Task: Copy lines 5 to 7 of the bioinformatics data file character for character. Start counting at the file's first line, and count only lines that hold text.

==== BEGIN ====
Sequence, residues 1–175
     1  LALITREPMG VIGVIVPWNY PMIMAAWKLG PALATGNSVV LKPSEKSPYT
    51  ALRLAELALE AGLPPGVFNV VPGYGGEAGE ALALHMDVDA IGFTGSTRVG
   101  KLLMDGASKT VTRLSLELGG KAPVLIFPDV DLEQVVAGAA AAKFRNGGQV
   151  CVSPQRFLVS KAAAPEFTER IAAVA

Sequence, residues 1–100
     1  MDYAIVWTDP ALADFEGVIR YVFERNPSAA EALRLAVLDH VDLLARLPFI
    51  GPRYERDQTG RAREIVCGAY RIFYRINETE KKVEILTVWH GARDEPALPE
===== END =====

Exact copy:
   151  CVSPQRFLVS KAAAPEFTER IAAVA

Sequence, residues 1–100
     1  MDYAIVWTDP ALADFEGVIR YVFERNPSAA EALRLAVLDH VDLLARLPFI